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CHARRED PLANT REMAINS
By Sarah F. Wyles

Introduction
Sufficient numbers of charred plant remains were found within four soil samples to
merit further study. These samples were recovered from pit 1035 and construction
cut 1047, with the remaining pair coming from the same intervention dug into ditch
1252. The sampled features were either components of the building or lay in its
immediate vicinity.

Methods
The bulk samples for charred remains were processed by standard flotation
methods; the flot retained on a 0.5 mm mesh, residues fractionated into 5.6 mm, 2
mm and 1 mm fractions. The coarse fractions (> 5.6 mm) were sorted for artefacts
and ecofacts, weighed and discarded.

At the analysis stage, all identifiable charred plant macrofossils were extracted from
the flots, together with the 2 mm and 1 mm residues. Identification was undertaken
using stereo incident light microscope at magnifications of up to x40 using a Leica
MS5 microscope, following the nomenclature of Stace (1997) for wild species and
the traditional nomenclature as provided by Zohary and Hopf (2000, tables 3 and 5),
for cereals and with reference to modern reference collections where appropriate,
quantified and the results tabulated (Table 1).

Results
Cereal remains dominated these assemblages. The majority of remains were of
hulled wheat, emmer or spelt (Triticum dicoccum/spelta), with a small number of
possible grain and rachis fragments of free-threshing wheat (Triticum
turgidum/aestivum type) present. Chaff elements outnumbered grain fragments,
particularly in the large assemblages from pit 1035 and fill 1069 in ditch 1252.

The glume base and spikelet fork fragments identifiable to species were those of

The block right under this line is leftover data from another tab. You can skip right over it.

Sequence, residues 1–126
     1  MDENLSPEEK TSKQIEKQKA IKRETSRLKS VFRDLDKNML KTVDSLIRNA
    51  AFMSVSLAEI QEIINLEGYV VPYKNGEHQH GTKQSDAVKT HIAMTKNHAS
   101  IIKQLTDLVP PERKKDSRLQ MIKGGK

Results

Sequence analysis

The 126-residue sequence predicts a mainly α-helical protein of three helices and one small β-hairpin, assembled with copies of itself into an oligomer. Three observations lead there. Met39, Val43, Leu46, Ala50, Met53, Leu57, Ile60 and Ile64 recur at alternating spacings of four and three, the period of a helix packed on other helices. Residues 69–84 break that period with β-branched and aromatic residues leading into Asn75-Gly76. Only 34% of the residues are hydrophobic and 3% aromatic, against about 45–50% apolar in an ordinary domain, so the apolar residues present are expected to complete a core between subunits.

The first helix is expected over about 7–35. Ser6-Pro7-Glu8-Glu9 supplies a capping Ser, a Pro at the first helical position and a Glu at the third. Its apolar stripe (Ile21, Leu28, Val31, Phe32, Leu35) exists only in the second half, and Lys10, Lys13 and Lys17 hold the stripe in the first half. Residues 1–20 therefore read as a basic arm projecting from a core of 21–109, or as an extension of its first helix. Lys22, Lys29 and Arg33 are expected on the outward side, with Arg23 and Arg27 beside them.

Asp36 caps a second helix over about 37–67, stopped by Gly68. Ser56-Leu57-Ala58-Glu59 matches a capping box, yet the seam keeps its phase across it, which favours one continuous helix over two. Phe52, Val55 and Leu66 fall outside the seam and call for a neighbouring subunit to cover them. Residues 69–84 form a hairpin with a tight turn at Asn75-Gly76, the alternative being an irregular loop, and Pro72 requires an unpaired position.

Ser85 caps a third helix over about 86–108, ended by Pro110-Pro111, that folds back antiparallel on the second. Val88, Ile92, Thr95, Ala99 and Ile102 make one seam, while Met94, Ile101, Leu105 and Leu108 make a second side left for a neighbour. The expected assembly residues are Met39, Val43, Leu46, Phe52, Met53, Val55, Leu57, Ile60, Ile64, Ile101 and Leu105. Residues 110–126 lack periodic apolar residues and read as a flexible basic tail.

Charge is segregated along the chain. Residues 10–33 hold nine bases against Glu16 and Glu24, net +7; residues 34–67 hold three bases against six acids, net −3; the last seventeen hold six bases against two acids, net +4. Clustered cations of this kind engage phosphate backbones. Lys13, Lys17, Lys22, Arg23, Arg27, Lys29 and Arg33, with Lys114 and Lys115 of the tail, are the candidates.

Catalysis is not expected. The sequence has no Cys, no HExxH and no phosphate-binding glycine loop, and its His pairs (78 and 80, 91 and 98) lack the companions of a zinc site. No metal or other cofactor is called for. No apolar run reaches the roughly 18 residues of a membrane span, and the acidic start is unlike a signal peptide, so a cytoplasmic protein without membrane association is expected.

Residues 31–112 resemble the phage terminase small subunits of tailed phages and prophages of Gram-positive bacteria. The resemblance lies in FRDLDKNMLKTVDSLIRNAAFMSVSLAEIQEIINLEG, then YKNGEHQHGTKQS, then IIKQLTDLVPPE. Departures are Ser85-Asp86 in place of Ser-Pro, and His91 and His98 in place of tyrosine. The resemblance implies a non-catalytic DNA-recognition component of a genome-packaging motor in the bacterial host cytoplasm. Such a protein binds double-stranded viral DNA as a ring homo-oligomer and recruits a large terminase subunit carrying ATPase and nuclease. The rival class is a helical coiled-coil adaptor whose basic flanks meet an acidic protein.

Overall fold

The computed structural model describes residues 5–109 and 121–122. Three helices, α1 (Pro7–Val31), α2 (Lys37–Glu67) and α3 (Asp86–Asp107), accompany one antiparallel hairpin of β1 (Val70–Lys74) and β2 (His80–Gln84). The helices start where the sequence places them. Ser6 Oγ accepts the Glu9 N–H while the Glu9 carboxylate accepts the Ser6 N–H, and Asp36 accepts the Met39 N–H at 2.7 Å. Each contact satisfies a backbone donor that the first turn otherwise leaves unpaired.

spelt wheat (Triticum spelta), with no clear evidence of emmer wheat (Triticum
dicoccum). There was evidence of germination on some of the hulled wheat grains,
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together with coleoptile fragments, within the assemblages from pit 1035 and ditch
1252. Other potential crops include celtic beans (Vicia faba) recorded from ditch
1252. A few fragments of hazelnut (Corylus avellana) shell were also present in this
feature.

The weed seed assemblages, dominated by seeds of oat (Avena sp.) and brome
grass (Bromus sp.) are typical of grassland, field margins and arable environments,
with no indication of the use of a number of different soils. The presence of hazelnut
shell fragments may be indicative of foraging in hedgerows and scrub.

Discussion
The assemblages from Damson Parkway appear representative of general Romano-
British rural settlement activities. Spelt wheat was the dominant wheat over much of
lowland Britain during the occupation (Greig 1991) and it was the main type
recovered here.

The composition of the assemblages is broadly similar to those recovered from other
sites in the region, such as the former Hockley Chemical works, Alcester (Pelling
2001) and elsewhere (Monckton 1999a and b; Moffett 1986 and 1996; Colledge
1989).

The analysed assemblages at Damson Parkway are likely to indicate the dehusking
of hulled grain stored as semi-cleaned grain or in spikelet form (Hillman 1981; 1984).
This is where the crop has been stored after the initial threshing, winnowing and
sieving, often out in the fields. The stored material is then pounded to release the
grains (dehusking) before being sieved and sorted ready for use. The levels of
germinated grain and coleoptile fragments are not as high as some recorded at the
Hockley Chemical works (Pelling 2001), where it was thought that malting waste
from brewing was used as fuel. There is no clear evidence that this was occurring at
Damson Parkway, however.

Bibliography

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Colledge, S., 1989, Alcester Coulters Garage, the carbonised remains, in P. M.